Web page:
Dropping NCEA Level 1

There has been much discussion around dropping NCEA Level 1 or reducing it to 40 credits in order to focus on bringing students up to the required levels of Literacy and Numeracy in order to be able to succeed in NCEA Level 2. Hobsonville Point secondary school had already dropped NCEA Level 1 before the Ministry review took place. They saw the focus on credits and constant assessment as limiting deeper learning as there was less time to explore topics of interest and less time for learning.  "International studies have confirmed that a credit-focused educational model promotes superficial learning, not the quality stuff that sticks with us" (Stuff June 2018).

Fairfield College and Rototuna Senior High School have also dropped NCEA Level 1 but Rototuna gives the students some experience of sitting an external assessment ie not everything needs to be assessed. Students at all 3 schools will still do Level 1 courses but not assessed for NCEA leaving more time for learning.

I was working for Team Solutions, University of Auckland, when NCEA came into being and as a facilitator was training teachers in the new qualification in Auckland & Northland. I later went back to a school to teach NCEA in 2 different subject areas. NCEA was never set up to be a credit-driven qualification and achievement standards were never meant to become the class programme or to replace the curriculum. The original idea was to offer choice and have students assessed when they are ready to be assessed. If, as has been suggested, students might do a project(s) and focus on what they are really interested in, then assessment would come when teachers can see the evidence for a standard appearing within the project and guide the student to what else may be required. Why does every student have to do the same standard at the same time and for the same length of time? Isn't it better that some students can take longer but eventually fulfill the criteria for success rather than constantly fail the achievement standards because they were not given enough time? Why do the "more able" students have to wait for others when they might achieve 2 standards in the same time frame? Ah but what about moderation say the naysayers? Moderation requires a sample from the class and it is checking that the teacher's assessment matches with the norm. And by the way some people take twice as long as others to gain a driver's licence. I can visualise Basil Fawlty saying "No! You will not get a driver's licence  because you took too long to learn how to drive. The fact that you drive better than the fast ones is immaterial!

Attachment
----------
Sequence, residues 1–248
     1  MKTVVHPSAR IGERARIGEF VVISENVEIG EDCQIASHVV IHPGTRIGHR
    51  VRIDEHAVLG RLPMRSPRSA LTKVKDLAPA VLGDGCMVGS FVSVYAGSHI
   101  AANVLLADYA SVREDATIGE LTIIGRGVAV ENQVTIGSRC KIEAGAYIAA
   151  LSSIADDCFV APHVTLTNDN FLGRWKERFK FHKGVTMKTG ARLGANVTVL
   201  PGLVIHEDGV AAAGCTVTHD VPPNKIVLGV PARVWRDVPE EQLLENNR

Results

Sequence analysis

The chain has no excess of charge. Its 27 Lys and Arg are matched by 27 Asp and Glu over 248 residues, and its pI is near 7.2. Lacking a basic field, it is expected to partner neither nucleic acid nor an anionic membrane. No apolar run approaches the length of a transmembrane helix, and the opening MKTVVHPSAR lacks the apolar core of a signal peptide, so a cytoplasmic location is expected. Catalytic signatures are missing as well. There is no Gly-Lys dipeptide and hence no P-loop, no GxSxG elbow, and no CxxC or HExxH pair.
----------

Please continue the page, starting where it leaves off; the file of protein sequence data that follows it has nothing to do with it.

More formative assessment is required in the learning process as a diet of constant high-stakes assessment leads to superficial justintime learning that is not embedded and quickly forgotten. An optimal environment and student agency is key as the 21st century leaps into the digital technologies curriculum and computational thinking.


  1. Thanks for unpacking this for us Cheryl. Your perspective is really helpful. I am looking forward to seeing what the response of your leadership team is to this new environment.


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